Langerhans cell histiocytosis (LCH) describes a group of syndromes that share the common pathologic feature of infiltration of involved tissues by Langerhans cells. Typically, the skeletal system is involved, with a characteristic lytic bone lesion form that occurs in young children or a more acute disseminated form that occurs in infants.
Pulmonary involvement is not unusual in systemic forms of LCH, but symptoms are rarely a prominent feature.
Pulmonary Langerhans cell histiocytosis is considered a reactive proliferation of dendritic Langerhans cells to chronic tobacco-derived plant proteins resulting from incomplete combustion, but it can also occur as a tumor-like systemic disease in children.
CT scans of eosinophilic granuloma are depicted in the images below.
Chest CT in a patient with pulmonary eosinophilic granuloma demonstrates scattered cavitary and noncavitary nodules.
High-resolution chest CT scan in a patient with pulmonary eosinophilic granuloma shows the typical combination of nodules, cavitated nodules, and thick- and thin-walled cysts. Image courtesy of European Respiratory Society Journals LTD.
High-resolution chest CT scan in a patient with advanced pulmonary eosinophilic granuloma shows numerous pulmonary cysts of various sizes, which are confluent in some places. Image courtesy of European Respiratory Society Journals LTD.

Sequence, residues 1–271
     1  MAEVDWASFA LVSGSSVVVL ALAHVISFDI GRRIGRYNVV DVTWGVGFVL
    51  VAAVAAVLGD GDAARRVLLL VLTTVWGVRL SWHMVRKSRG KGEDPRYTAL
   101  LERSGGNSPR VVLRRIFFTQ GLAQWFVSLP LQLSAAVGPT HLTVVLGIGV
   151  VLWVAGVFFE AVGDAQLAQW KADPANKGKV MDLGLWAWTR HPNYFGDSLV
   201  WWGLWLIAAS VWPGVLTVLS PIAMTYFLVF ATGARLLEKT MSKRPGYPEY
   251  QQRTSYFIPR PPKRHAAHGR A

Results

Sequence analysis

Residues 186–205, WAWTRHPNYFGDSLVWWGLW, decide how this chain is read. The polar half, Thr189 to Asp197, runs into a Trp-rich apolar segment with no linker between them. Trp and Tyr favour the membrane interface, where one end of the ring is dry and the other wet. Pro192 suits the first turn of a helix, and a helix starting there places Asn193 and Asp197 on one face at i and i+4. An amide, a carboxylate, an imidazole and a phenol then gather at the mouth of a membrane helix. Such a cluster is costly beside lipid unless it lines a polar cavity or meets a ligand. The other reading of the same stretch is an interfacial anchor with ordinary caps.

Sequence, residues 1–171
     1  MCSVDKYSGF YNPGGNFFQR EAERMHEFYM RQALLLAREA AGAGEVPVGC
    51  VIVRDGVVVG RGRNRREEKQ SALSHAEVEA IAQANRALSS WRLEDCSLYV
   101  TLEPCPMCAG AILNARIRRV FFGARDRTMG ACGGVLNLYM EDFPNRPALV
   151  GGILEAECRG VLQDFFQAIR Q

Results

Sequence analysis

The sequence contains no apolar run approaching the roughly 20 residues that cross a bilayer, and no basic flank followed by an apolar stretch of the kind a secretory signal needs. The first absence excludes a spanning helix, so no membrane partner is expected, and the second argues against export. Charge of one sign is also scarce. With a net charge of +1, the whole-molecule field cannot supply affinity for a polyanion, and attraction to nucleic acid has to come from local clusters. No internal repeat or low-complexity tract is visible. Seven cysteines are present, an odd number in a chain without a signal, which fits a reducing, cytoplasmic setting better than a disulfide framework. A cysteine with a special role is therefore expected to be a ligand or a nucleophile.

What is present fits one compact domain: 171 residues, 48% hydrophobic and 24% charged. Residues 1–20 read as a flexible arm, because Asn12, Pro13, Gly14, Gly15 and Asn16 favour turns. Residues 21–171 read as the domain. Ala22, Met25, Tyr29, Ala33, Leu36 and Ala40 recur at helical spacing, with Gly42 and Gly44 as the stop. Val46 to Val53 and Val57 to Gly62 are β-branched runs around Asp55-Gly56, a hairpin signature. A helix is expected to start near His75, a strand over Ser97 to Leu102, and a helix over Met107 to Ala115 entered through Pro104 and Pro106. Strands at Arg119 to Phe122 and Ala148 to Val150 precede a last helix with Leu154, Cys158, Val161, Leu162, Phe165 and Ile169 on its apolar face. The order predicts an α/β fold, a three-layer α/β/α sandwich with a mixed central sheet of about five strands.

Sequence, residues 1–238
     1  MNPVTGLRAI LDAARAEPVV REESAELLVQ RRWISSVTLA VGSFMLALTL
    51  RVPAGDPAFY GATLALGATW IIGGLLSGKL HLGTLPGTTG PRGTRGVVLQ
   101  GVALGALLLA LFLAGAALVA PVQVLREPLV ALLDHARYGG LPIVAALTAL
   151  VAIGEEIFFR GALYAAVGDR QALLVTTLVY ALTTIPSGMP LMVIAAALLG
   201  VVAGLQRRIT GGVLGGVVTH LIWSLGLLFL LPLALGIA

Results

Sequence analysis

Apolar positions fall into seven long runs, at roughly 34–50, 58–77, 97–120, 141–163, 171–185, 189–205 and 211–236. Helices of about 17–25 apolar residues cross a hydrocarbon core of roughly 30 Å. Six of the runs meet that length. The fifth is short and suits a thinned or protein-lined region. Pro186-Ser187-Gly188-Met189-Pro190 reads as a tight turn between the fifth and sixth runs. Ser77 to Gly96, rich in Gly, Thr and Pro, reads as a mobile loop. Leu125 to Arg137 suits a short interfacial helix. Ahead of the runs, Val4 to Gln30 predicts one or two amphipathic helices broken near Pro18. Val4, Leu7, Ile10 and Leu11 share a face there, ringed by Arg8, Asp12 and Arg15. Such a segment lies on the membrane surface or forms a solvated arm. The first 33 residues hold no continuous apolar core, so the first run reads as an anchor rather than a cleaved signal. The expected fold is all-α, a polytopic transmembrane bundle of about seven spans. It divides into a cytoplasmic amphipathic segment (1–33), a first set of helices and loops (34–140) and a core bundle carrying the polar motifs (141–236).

Localized pulmonary LCH (also termed pulmonary eosinophilic granuloma) is a rare pulmonary disease that occurs predominantly in young adults. The precise incidence and prevalence of pulmonary LCH are unknown, although studies of lung biopsy specimens from patients with interstitial lung disease identified pulmonary LCH in only 5%.
A confident diagnosis of pulmonary LCH often can be made based on the patient’s age, smoking history, and characteristic high-resolution computed tomography (HRCT) scan findings, especially if patients are followed without treatment.
Definitive diagnosis, if necessary, can be made by identification of Langerhans cell granulomas in lung biopsy samples acquired by video-assisted thoracoscopy. Biopsy sites are selected on the basis of HRCT scan findings.
Transbronchial biopsy has a low diagnostic yield (10-40%) because of the patchy nature of the disease and the small amounts of tissue obtained.
Treatment consists of smoking cessation, which stabilizes symptoms in most patients. Corticosteroids are used in progressive or systemic disease. Cytotoxic agents (eg, cyclophosphamide) can be employed for patients who do not respond to smoking cessation and steroids. No treatment has been confirmed to be useful, and no double-blind therapeutic trials have been reported. Lung transplantation also has been performed for treatment of LCH.
In patients with suggested eosinophilic granuloma, obtain a chest radiograph and a chest HRCT scan.
The typical HRCT pattern of pulmonary Langerhans cell histiocytosis includes small poorly limited nodules, cavitated nodules, and thick- and thin-walled cysts. In rare cases, HRCT allows the disease to be diagnosed before the development of cysts.
In HRCT scanning, the small star-like scars can still be detected even after complete cessation of tobacco smoking.
Recent research cites the usefulness of positron emission tomography (PET)/CT scanning.